Engineers at the University of New South Wales in Australia believe that they have made a breakthrough in the design of quantum computers, allowing for one large enough to actually be useful.
Quantum Computers Are Faster and Perform Better than Supercomputers
Quantum computers are designed to be able to perform tasks that not even supercomputers can do, taking advantage of the quantum entanglement that occurs among very tiny particles. To do this, they must be made of quantum bits, or “qubits.” Qubits are basically particles the size of an atom, or even smaller, which are programmed to perform certain functions, like even tinier microchips.
The problem with this model? To interact with each other, the qubits have to be no more than about fifty atoms apart, close enough for their electrons can touch and entanglement to occur. The design of such architecture is incredibly difficult to pull off.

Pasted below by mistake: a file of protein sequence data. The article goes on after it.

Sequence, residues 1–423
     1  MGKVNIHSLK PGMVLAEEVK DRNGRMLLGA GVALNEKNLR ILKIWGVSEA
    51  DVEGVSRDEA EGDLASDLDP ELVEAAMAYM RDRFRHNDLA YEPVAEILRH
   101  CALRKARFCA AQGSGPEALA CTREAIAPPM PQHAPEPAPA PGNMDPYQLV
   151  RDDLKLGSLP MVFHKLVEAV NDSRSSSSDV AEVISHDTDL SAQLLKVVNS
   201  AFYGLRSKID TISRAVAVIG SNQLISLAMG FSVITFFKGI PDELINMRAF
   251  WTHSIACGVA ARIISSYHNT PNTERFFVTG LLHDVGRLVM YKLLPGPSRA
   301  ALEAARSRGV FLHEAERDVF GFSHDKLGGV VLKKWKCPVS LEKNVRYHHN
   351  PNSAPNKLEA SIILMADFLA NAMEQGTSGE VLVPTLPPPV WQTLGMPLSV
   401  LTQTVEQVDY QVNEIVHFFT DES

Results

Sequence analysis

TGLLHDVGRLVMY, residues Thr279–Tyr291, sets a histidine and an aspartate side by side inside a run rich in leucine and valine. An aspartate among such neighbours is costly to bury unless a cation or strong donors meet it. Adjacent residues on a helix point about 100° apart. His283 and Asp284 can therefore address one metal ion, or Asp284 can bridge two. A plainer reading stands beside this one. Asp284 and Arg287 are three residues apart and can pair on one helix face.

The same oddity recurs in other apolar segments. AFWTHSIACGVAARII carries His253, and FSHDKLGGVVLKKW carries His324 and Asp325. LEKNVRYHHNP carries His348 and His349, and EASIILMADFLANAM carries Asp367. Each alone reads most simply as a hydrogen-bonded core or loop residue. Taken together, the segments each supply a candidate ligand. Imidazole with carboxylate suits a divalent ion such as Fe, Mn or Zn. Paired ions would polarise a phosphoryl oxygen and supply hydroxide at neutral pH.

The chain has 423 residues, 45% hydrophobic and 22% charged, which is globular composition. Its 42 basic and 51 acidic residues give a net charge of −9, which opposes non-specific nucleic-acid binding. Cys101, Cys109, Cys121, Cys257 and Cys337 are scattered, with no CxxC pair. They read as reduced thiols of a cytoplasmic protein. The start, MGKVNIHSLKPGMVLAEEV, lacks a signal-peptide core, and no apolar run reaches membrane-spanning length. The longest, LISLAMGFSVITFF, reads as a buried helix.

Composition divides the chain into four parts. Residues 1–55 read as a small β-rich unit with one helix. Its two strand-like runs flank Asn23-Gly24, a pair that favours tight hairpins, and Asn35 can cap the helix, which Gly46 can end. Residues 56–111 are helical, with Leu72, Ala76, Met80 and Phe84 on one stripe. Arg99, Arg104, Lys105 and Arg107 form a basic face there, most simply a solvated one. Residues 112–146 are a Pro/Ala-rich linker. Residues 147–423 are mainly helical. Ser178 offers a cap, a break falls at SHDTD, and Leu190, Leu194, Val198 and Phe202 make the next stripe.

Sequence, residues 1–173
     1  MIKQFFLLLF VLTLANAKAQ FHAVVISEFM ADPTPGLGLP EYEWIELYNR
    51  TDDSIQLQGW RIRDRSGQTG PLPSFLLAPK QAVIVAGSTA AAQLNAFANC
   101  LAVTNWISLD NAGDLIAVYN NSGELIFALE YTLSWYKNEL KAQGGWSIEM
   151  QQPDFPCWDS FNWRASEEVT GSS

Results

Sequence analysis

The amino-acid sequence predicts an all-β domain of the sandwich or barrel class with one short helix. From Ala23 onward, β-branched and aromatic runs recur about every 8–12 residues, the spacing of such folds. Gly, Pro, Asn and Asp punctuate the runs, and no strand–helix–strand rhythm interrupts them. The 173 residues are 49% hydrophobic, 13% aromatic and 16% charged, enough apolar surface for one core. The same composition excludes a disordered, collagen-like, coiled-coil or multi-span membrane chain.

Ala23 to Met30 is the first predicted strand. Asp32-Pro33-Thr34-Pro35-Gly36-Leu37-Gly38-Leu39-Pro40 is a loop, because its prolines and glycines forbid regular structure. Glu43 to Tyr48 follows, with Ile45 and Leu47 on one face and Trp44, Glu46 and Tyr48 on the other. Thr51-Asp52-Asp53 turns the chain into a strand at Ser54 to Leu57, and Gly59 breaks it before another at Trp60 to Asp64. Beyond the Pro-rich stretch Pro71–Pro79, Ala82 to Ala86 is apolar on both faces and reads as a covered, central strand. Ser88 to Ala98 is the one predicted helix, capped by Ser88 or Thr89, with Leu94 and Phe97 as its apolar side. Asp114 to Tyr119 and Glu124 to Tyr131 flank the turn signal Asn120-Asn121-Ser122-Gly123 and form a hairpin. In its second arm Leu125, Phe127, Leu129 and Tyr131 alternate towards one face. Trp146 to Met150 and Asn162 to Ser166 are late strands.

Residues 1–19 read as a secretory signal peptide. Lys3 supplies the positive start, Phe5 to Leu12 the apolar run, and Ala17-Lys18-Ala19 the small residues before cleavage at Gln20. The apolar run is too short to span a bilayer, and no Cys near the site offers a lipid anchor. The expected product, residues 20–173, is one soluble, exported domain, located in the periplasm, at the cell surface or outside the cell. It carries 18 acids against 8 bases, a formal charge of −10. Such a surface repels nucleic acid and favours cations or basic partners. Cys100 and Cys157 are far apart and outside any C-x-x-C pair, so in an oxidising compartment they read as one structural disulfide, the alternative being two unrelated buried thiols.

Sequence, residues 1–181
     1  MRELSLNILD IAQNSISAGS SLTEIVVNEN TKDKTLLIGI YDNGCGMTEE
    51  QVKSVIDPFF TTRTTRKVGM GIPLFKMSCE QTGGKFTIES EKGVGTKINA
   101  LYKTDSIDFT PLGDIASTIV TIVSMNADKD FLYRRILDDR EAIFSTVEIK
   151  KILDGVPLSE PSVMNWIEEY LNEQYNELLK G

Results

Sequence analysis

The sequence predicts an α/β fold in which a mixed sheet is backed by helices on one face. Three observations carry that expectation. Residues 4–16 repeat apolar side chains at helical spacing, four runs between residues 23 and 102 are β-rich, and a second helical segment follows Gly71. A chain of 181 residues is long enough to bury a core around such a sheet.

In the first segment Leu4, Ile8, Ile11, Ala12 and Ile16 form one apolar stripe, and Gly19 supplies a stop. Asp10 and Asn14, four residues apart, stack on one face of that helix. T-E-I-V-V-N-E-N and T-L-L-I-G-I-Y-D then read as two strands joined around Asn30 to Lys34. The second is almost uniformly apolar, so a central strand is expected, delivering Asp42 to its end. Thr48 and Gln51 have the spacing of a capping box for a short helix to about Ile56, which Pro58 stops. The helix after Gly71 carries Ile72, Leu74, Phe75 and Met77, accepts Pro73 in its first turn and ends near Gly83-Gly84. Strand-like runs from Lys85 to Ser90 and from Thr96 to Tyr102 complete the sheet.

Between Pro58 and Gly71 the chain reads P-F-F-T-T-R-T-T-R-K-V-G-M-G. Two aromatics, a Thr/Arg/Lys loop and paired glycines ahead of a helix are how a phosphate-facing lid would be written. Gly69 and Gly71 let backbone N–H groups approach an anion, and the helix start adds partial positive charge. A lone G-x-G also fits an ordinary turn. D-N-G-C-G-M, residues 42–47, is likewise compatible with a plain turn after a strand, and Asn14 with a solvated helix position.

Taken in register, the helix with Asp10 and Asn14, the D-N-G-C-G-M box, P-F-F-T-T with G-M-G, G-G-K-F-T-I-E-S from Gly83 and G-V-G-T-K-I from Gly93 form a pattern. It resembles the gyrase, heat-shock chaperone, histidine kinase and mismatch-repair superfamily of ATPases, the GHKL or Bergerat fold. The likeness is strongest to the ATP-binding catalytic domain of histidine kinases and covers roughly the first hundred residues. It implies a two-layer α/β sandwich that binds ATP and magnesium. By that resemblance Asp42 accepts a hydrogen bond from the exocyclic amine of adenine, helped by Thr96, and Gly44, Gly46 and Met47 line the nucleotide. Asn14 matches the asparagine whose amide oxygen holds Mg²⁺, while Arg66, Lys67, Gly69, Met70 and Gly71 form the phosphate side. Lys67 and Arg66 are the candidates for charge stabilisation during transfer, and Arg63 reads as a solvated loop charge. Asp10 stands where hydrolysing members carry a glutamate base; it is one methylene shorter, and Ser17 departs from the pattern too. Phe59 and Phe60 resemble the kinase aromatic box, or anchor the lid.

This new strategy involves what the creators call “flip-flop qubits,” which are able to interact despite being farther apart. The qubit pair has two modes: “0,” where the electron spin is down and the nucleus spin is up, and “1,” where this is reversed.
Guilherme Tosi, lead author of the group’s paper in Nature Communications and co-designer of the new qubit, explains. “To operate this qubit, you need to pull the electron a little bit away from the nucleus, using the electrodes at the top. By doing so, you also create an electric dipole.” This allows the electrons to interact from a good fraction of a micron apart, a larger (though still quite tiny!) distance.
Let’s Hope Theory Will Become Practice
Tosi’s co-designer, Andrea Morello, notes that this is only theoretical so far; such a qubit has yet to be built. Nevertheless, he says that this could be the biggest breakthrough since Bruce Kane came up with the architecture of the qubit back in 1998.
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